With preparations for Chinese President Xi Jinping’s September visit to Washington, DC, underway, officials in both countries are predictably playing down their differences over China’s outsize territorial claims, backed by the construction of military facilities on previously uninhabited islands and atolls, in the South China Sea. And this diplomatic de-escalation, following months of recriminations and veiled threats, suits Southeast Asian leaders just fine.
Of course, no one in Southeast Asia is ignoring China’s strategic designs. The region’s defense spending has increased by more than 50% in the last decade, and some $60 billion has been earmarked for new weapons, especially naval hardware, over the next five years. The white paper on military strategy that China released in May, which touted plans to expand the country’s defense perimeter, intensified neighbors’ concerns, making even more military spending likely. Leaders in the region are now welcoming a stream of US military officials and defense manufacturers to see what America’s Asian “pivot” has to offer. Beyond new frigates and security guarantees, however, Southeast Asian leaders have refrained from reacting too strongly to China’s offshore ambitions. The economic facts on the ground demand prudence.
In only two decades, China has become Southeast Asian countries’ leading economic partner, boosting its influence throughout the region. Chinese leaders’ constant effort to expand economic cooperation stands in stark contrast to America’s approach to the region.
Consider trade. Since 2000, bilateral trade between China and the ten members of the Association of Southeast Asian Nations has grown tenfold, from $32 billion to $350 billion last year, and could reach $500 billion in 2015. As China has risen to become Southeast Asia’s largest trading partner, the US has slipped to fourth place, with only $206 billion in total trade with ASEAN last year.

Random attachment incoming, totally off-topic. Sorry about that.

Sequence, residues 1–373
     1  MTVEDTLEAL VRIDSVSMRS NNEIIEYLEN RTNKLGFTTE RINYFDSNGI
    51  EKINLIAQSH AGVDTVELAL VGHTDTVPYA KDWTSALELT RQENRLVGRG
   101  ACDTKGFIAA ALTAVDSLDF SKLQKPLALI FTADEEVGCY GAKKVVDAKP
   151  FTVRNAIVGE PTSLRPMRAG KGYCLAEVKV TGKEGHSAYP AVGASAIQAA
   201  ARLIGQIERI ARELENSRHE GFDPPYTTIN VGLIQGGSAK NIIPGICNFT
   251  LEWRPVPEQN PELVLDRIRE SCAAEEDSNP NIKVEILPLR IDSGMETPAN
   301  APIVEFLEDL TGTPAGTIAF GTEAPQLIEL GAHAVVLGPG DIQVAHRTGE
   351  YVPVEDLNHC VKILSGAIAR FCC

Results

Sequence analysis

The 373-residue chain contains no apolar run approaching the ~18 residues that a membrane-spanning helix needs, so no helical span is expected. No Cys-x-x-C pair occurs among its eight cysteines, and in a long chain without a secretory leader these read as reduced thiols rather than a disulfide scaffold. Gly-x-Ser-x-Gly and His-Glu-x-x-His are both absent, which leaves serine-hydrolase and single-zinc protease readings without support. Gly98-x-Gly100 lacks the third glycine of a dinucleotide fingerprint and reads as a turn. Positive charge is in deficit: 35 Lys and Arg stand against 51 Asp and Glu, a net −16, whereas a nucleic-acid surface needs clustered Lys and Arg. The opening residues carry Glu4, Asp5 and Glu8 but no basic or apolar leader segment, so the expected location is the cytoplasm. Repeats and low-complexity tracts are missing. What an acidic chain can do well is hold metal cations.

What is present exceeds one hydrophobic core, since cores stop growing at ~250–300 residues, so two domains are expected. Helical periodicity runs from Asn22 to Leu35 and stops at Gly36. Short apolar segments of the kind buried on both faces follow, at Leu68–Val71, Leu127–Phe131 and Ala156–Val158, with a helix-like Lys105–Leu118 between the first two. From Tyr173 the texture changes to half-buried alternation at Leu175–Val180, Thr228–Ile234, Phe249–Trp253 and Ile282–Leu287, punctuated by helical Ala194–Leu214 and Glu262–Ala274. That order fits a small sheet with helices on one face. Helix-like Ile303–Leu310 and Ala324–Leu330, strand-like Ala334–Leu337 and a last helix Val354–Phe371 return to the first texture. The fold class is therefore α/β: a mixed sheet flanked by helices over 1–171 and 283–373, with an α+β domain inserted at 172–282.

Given Southeast Asia’s growing economic importance, the implications of this trend could not be weightier. The ASEAN countries’ combined annual GDP is already $2.4 trillion and growing fast, owing to their rapidly expanding middle class, highly skilled workers, and increasingly upscale markets. If the current trend holds, China’s trade with ASEAN could reach $1 trillion by 2020.
The picture for direct investment — the financial flows that support the construction of factories, offices, warehouses, mines, and farms — is equally striking. From 1995 to 2003, Chinese companies invested a mere $631 million in ASEAN countries; in 2013, they invested $30 billion. Though China remains well behind Japan, Europe, and the US on this front, it certainly has the potential to catch up, as Chinese private-equity firms increasingly look abroad. Indeed, from agriculture to information technology, the Chinese are diversifying their stakes across the region and embedding their companies in ASEAN’s advanced and frontier economies.
China’s Southeast Asian partners cannot afford to ignore these efforts. That is one reason why all ten ASEAN countries signed on as founding members of the China-led Asian Infrastructure Investment Bank, despite US opposition. China, which has pledged $100 billion in initial investment, has positioned the AIIB as a rival to the US-dominated World Bank, promising to help Asian countries meet their extensive infrastructure needs.
Clearly, when it comes to its role in Asia, China is thinking big. And there is more. At last year’s Asia-Pacific Economic Cooperation (APEC) meeting, regional leaders agreed to begin work toward possible adoption of a Chinese-backed free-trade pact — one that is clearly meant to push back against US President Barack Obama’s Trans-Pacific Partnership, which excludes China.
Whether or not Xi realizes his free-trade ambition, there is no denying China’s commitment to deepening its economic ties in Asia and beyond. The country has pledged some $60 billion to its “One Belt, One Road” initiative, which entails the construction of a Silk Road Economic Belt running through Central Asia, and a Maritime Silk Road connecting China to Southeast Asia, the Indian Ocean, the Middle East, and eventually Europe. The US, meanwhile, is struggling to cobble together a domestic consensus on trade.
To be sure, China has had its setbacks, too. Canceled railway and hydroelectric projects in Myanmar, and riots in Vietnam over China’s move to drill for oil in disputed waters, reflect the backlash that the country’s resource hunger can generate. But China is also certain to learn from its mistakes, and its leaders have a clear vision of where to place their long-term economic bets. At a time when partisan divisions are undermining America’s economic leadership, China’s growing influence in Southeast Asia should raise a question: If push comes to shove in the South China Sea, will the US find allies in its corner, or will they just be holding Uncle Sam’s coat?